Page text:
Sorcerer's Guide to Kits
A character class is similar to a profession or career. It is what your character has worked and trained at while growing up. The character classes are divided into four groups according to general occupations: warrior, wizard, priest, and rogue. Within each group are several similar character classes. Multiclassed characters are available to non-humans only. In Baldur's Gate human characters can choose to become dual class later in the game.
Warriors can be Fighters, Rangers or Paladins
Wizards can be either Generalist Mages or Specialist Mages
Priests can be either Clerics or Druids
Rogues can be either Thieves or Bards
Multiclassed (nonhuman) Characters can choose between: Fighter/Thief, Fighter/Cleric, Fighter/Druid, Fighter/Mage, Fighter/Mage/Cleric, Fighter/Mage/Thief, Mage/Cleric, Mage/Thief, Cleric/Ranger and Thief/Cleric
Monk and Sorcerer
are in as new, optional classes. They are not core classes and so, do
not have kits or subclasses listed beneath them. They are simply additional
playable options (yes, they still get a stronghold). In short, an accurate
comparison would be to kits rather than to full-fledged classes. They
all have interesting abilities and powers and are fun to play, adding
to the ever growing number of options that BioWare strives to present
us with. These classes are 2nd edition rule implementation of the upcoming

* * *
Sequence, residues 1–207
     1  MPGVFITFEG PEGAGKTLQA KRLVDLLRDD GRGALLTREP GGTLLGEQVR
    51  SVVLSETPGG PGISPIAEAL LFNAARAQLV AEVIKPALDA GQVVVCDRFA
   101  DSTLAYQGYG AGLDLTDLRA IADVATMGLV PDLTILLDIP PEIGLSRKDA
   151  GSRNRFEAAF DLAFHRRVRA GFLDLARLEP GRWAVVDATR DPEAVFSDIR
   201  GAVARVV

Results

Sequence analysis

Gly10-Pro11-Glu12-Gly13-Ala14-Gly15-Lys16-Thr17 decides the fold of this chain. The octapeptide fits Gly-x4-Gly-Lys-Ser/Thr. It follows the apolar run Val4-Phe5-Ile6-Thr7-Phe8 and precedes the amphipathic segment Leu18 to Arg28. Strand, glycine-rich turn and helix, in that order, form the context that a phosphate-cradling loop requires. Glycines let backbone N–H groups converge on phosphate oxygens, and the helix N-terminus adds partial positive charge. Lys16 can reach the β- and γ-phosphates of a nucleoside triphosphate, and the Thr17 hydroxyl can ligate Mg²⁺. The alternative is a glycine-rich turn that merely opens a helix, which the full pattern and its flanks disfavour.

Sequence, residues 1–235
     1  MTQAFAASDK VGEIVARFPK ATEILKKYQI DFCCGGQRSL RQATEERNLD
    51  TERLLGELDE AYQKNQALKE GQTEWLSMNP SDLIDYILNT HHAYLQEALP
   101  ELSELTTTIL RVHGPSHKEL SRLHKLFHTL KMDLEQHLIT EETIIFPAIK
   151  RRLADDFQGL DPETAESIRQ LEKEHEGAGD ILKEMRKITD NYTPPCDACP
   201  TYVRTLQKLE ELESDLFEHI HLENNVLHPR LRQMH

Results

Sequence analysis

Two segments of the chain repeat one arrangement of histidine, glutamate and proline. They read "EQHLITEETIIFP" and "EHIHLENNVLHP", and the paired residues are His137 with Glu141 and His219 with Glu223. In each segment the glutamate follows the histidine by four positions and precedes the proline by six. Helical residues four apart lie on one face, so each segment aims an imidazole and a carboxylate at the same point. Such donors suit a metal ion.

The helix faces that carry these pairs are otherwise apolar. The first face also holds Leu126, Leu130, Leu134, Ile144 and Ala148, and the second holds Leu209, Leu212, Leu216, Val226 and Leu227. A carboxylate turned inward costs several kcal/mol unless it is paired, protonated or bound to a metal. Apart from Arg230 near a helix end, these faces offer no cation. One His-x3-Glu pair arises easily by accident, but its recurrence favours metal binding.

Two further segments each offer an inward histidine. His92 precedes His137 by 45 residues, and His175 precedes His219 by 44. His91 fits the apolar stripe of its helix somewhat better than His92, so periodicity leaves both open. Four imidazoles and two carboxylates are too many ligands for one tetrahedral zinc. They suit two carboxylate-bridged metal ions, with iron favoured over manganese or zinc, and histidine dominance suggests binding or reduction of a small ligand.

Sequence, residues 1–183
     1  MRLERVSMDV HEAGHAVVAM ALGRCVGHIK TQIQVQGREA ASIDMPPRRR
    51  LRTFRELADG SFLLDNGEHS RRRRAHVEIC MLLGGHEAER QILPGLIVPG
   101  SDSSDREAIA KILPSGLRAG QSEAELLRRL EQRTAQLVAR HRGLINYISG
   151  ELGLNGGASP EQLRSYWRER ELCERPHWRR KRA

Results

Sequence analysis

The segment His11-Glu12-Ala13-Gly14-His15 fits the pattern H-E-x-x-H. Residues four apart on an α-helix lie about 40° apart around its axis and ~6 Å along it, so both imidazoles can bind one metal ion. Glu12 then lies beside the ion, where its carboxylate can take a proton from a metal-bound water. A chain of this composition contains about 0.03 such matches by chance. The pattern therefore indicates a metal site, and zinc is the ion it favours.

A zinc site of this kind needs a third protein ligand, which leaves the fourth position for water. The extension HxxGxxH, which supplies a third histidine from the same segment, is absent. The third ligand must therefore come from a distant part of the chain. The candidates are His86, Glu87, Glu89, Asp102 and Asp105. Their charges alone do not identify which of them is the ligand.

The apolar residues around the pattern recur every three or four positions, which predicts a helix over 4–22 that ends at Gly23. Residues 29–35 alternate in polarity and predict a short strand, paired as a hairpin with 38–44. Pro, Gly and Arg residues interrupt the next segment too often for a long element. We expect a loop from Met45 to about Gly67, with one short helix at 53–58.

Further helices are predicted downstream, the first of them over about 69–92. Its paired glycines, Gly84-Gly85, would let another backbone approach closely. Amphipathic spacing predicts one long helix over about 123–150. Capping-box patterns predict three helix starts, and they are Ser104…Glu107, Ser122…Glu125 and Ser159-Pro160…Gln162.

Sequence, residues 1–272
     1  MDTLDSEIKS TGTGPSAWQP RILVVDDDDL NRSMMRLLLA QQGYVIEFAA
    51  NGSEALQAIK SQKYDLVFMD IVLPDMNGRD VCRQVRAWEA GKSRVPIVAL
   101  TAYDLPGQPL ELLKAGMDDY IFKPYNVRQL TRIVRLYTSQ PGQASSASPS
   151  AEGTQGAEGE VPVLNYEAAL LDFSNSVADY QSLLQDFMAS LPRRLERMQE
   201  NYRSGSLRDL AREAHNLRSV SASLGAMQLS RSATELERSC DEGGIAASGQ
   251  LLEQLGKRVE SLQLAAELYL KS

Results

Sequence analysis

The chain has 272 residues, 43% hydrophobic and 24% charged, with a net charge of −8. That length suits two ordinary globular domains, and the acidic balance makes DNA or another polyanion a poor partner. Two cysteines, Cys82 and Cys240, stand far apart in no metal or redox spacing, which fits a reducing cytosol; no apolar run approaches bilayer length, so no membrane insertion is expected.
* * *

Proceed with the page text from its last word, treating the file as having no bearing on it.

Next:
3rd edition D&D classes.
After you decide which character class will you play it's a good idea to take a closer look at the class-specific kits BioWare will implement in the game. Kits will enable you to specialize your character even further (think of a kit as a subclass). This, however, does not give your character only advantages, there are disadvantages as well. You should read what the kit offers you very carefully before choosing one. Otherwise you might learn that the kit you chose is too restrictive to be to your liking, or simply not your style.
You cannot choose kits if you are multiclassed, while dual-classed characters can select a kit for their initial class.
How to read this guide
Take into consideration that the descriptions for most of the kits listed below were taken from pen and paper AD&D handbooks. Some things you read about here might not make it into the game, since BioWare has to make considerable modifications to some kits in order for them to be even usable in the game.
The Cavalier kit is a good example. I'm still wondering how they are going to implement that one since you will not be able to ride horses (or any other mounts). My guide is to be taken in a general way, a sneak preview at what awaits you in Baldur's Gate II you could say. I'm sure the exact implementation of the kits will be thoroughly explained in the manual and when I get my hands on it I'll make sure to correct* my guide accordingly.
* You can see the kits as they are in the game here.
I did not include anything I deemed to be irrelevant (a lot of info actually is when you are dealing with a computer game like this). In other words: no secondary skills, nonweapon proficiencies, things that TSR puts in to fill the empty space on the page (unless it worth reading of course) and some tables were also excluded.
Special thanks go to Jure for supplying me with some of the handbooks I didn't have and for the typing assistance. This guide took many hours to complete and I strongly hope I won't see it posted on some other site and stripped of credits. Anyway I'm sure that you have read the copyright notice at the bottom of the page and that I don't have to go through it all again. Proceed to the kits list ;)